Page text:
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Considering a Business Bankruptcy? Here's What Not to Do

Who would have thought that a pandemic would shock the world, wreaking havoc and leading to the shutting down of hundreds of thousands of businesses across the globe? In the United States, bankruptcy filings rose 16% during the 12-month ending March 31, 2024, which is a similar rate of acceleration as in the December 31, 2023 quarterly report, according to the United States Courts.

However, new bankruptcy cases remain significantly lower than before the onset of the coronavirus disease (COVID-19). The Administrative Office of the U.S. Courts reported that total filings rose to 467,774 new cases, compared with 403,273 cases reported during the year ending March 31, 2023.

An Arlington bankruptcy lawyer from Steele Law Firm understands how financial obligations, both anticipated and unexpected, can create weighty stress and anxiety. Whether it’s a sudden financial crisis, loss of a job, or unexpected medical debt, managing life’s curveballs while still meeting your financial responsibilities can be a huge challenge. You cannot predict when it’s time to stop struggling on your own and declare bankruptcy.

A business without professional guidance in financial distress can be challenging. Let’s uncover the critical steps that could shut down your business faster than you would think.

Skipping Professional Guidance

To avoid potential pitfalls, never underestimate the importance of seeking professional guidance when dealing with business bankruptcy. Hiring a knowledgeable bankruptcy attorney can make a significant difference for your case. These experts understand the intricate legal processes, can provide valuable advice tailored to your specific situation, and can help you deal with complex paperwork and deadlines with ease.

Ignoring Financial Records

Don't overlook the importance of maintaining accurate financial records when dealing with business bankruptcy, as this information plays a critical role in the overall process. Your financial records provide a clear picture of your business's financial health and are essential for accurately assessing your debts, assets, and liabilities. Ignoring or neglecting these records can lead to delays, complications, and potential legal issues during the bankruptcy proceedings.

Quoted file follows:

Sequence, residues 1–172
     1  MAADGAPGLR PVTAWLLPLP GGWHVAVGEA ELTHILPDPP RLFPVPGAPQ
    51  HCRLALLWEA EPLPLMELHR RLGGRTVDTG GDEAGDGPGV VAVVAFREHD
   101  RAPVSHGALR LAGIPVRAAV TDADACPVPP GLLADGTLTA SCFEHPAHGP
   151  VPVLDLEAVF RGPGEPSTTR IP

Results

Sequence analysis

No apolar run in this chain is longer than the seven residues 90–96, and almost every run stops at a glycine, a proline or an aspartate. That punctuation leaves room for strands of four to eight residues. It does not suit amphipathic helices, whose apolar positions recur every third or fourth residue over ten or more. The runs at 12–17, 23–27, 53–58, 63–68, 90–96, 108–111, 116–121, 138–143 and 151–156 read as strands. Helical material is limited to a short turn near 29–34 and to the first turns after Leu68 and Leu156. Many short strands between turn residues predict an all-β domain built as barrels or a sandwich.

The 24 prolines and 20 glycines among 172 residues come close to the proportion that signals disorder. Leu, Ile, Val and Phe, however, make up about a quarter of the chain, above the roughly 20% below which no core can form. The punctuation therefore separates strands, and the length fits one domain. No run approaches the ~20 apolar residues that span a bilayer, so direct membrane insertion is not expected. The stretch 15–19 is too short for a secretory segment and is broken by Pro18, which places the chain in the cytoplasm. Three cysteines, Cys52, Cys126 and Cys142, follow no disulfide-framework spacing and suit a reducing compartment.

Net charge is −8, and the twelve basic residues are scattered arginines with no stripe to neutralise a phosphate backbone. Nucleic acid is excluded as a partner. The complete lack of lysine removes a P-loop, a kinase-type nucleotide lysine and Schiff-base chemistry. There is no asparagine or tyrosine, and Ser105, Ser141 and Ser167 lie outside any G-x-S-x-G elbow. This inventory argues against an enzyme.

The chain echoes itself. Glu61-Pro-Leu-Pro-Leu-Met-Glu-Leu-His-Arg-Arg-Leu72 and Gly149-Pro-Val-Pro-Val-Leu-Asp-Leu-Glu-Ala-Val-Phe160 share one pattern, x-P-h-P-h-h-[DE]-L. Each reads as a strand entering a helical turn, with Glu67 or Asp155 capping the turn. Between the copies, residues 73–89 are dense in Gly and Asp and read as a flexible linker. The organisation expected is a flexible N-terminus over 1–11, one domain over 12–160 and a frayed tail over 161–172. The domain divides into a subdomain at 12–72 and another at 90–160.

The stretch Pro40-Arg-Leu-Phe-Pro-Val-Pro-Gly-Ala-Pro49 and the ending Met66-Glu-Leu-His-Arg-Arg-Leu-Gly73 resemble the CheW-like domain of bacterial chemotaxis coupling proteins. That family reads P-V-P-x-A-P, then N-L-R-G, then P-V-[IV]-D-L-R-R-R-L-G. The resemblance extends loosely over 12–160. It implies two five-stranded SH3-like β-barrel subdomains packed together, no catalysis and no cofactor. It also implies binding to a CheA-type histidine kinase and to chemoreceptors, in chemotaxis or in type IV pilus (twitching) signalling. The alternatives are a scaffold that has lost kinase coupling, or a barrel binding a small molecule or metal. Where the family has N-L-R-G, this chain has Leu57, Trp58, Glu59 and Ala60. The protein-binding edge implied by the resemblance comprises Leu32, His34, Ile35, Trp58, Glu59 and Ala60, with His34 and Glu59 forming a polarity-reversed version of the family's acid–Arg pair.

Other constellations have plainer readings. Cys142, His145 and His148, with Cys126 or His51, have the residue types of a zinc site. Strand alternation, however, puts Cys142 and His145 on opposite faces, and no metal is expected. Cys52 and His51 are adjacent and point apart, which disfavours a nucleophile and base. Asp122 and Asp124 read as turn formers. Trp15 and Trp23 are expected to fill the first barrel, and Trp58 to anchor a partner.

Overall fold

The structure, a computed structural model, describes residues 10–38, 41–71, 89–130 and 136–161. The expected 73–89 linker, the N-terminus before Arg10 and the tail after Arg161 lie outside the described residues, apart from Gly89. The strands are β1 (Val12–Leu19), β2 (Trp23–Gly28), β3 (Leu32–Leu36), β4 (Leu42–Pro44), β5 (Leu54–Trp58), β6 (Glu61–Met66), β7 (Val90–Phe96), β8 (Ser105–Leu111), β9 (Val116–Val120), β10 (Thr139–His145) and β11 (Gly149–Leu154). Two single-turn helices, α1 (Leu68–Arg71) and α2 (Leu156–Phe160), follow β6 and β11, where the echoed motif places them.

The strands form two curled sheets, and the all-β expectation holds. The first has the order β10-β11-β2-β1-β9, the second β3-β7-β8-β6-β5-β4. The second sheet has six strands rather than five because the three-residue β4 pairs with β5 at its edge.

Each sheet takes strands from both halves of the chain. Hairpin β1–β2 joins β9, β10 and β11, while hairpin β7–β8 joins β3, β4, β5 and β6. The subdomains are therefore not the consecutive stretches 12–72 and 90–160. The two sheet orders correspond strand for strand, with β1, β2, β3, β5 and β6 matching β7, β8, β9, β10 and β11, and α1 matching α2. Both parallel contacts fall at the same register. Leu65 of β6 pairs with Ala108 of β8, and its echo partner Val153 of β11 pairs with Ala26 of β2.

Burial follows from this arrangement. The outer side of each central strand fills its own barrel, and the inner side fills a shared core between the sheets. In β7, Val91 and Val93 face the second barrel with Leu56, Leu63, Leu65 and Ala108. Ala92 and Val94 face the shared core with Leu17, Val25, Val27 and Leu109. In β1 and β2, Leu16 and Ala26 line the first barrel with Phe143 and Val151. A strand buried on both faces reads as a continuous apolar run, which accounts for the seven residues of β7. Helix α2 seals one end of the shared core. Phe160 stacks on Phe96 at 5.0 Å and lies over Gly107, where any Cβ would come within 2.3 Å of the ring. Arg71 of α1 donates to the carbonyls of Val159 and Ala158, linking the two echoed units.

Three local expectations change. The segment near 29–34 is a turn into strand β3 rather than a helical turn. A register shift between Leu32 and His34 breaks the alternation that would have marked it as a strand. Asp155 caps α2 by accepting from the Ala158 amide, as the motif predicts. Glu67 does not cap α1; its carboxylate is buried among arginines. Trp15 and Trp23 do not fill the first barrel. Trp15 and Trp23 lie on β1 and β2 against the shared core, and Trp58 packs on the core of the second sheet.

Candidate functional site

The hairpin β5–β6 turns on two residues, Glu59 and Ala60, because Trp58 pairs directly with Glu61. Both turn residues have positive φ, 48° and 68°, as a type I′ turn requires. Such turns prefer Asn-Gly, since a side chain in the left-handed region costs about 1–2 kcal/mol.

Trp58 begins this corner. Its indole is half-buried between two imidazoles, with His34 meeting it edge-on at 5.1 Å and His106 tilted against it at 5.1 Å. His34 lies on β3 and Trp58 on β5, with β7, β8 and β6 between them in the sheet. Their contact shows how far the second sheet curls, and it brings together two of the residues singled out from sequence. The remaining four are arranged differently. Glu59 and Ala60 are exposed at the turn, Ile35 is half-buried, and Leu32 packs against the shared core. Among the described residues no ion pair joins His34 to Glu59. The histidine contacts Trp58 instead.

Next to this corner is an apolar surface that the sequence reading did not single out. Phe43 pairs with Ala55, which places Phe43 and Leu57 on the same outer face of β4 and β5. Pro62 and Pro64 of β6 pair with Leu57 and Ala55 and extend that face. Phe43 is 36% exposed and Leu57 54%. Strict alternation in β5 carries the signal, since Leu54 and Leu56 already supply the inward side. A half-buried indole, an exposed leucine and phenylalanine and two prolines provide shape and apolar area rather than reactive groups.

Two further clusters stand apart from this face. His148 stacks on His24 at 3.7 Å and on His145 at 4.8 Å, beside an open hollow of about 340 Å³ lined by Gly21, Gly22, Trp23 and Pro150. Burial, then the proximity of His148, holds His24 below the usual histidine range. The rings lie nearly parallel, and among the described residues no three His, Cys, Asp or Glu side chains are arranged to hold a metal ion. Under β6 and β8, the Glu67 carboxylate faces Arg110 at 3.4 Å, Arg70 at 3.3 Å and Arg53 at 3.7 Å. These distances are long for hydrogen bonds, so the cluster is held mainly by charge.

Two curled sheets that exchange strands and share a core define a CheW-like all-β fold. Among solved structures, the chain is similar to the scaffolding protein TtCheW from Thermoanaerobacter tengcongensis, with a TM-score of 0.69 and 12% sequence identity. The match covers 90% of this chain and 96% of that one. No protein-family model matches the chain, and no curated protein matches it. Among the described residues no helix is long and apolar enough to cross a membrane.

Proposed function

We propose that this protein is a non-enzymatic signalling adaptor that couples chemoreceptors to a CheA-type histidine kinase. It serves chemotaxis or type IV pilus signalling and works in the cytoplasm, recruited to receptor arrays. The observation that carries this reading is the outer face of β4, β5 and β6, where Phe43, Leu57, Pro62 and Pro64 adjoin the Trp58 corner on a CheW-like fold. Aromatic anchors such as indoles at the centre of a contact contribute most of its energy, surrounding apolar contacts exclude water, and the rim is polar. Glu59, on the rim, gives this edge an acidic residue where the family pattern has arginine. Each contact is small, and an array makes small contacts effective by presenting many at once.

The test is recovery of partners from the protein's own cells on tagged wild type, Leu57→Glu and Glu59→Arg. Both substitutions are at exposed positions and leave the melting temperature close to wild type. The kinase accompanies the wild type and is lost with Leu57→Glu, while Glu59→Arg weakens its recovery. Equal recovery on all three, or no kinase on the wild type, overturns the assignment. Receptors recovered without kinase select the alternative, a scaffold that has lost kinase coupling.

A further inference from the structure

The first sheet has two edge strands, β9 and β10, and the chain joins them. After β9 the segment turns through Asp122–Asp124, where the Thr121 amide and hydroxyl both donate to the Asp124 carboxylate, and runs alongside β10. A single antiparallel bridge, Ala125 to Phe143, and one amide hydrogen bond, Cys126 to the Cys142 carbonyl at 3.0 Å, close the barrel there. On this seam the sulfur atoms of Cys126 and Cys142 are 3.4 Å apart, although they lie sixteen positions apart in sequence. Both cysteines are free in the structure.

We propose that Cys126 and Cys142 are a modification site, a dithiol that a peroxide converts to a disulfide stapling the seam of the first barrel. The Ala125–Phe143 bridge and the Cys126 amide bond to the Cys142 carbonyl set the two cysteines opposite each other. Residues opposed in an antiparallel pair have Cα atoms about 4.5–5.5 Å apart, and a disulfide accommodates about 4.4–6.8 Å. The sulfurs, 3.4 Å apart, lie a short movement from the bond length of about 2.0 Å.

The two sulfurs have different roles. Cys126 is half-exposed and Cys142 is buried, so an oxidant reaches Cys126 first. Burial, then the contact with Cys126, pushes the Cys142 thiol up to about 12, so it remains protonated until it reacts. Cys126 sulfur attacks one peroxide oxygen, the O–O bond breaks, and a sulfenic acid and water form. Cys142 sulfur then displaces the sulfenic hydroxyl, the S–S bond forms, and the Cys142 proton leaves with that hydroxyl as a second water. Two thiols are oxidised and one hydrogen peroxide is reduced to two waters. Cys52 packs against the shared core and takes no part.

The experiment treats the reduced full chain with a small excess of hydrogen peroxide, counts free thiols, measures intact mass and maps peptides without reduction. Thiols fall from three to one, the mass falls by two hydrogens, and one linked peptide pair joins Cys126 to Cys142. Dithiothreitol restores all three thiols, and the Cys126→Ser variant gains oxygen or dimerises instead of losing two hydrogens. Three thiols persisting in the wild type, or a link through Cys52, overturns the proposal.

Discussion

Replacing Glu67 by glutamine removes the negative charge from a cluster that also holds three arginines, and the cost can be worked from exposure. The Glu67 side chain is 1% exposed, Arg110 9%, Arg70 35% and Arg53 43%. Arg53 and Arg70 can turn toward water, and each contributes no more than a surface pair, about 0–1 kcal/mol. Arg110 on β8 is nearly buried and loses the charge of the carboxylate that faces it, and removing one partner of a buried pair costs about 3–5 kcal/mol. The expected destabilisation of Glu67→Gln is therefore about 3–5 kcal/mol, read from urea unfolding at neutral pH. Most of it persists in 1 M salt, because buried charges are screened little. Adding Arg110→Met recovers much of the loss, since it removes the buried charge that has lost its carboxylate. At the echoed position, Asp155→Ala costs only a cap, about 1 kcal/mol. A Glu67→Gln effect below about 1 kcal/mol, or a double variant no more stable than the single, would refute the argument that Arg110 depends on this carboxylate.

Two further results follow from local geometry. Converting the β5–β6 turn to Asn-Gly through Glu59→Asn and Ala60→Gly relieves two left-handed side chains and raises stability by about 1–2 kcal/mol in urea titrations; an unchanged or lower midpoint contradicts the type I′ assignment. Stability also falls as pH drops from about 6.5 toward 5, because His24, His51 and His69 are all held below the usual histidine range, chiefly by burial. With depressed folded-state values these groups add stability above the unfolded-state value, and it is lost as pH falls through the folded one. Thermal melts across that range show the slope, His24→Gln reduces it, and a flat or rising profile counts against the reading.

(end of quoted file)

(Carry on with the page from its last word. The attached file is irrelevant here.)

Disregarding Communication with Creditors

Neglecting regular communication with your creditors during business bankruptcy can significantly hinder the resolution process and create unnecessary obstacles. Keeping your creditors informed about the status of your business and your plans for addressing the debts is substantial for maintaining transparency and building trust. Ignoring their attempts to reach out or failing to respond promptly can lead to increased frustration and potential legal action.

Rushing the Decision-Making Process

Avoid hastily making critical decisions during the business bankruptcy process, as impulsive choices can have long-lasting repercussions on your financial situation and overall outcome. When facing financial difficulties, it's natural to feel overwhelmed and eager to find a quick solution. Rushing the decision-making process in a business bankruptcy can lead to unintended consequences.

Impulsive decisions made without careful consideration of all available options may result in missing out on more favorable alternatives. It's very important to take the time to assess the situation thoroughly, consult with professionals, and weigh the potential outcomes of each choice. Rash decisions could lead to further financial strain, legal complications, and a longer recovery process for your business.

To avoid rushing important decisions during the bankruptcy process, take a step back, gather all relevant information, and seek guidance from experienced advisors. By approaching the decision-making process thoughtfully and deliberately, you can increase the likelihood of achieving a more successful outcome for your business's financial restructuring.

Overlooking Alternatives to Bankruptcy

Look into exploring potential alternatives to bankruptcy before making a final decision on how to address your business's financial challenges. Bankruptcy should be a last resort, as it can have long-lasting consequences for your business and personal finances.

One alternative to bankruptcy is negotiating with creditors to restructure your debts. Creditors may be willing to work with you to create a repayment plan that's more manageable for your business.

Another option is debt consolidation, where you combine multiple debts into a single loan with a lower interest rate. This can help simplify your debt payments and reduce the overall amount you owe.

Seeking the advice of a financial advisor or credit counselor can provide you with valuable insights on how to improve your financial situation without resorting to bankruptcy. You may find a solution that allows your business to overcome its financial challenges without the need for bankruptcy by exploring these alternatives.


Before making any decisions about filing for bankruptcy, it's crucial to avoid common pitfalls that can make the process more difficult. You can deal with the process more effectively by seeking professional guidance, maintaining financial records, communicating with creditors, taking your time, and exploring alternatives.

Keep in mind that bankruptcy is a serious decision that requires careful consideration and planning. Don't rush into it without taking the necessary steps to protect your business and financial future.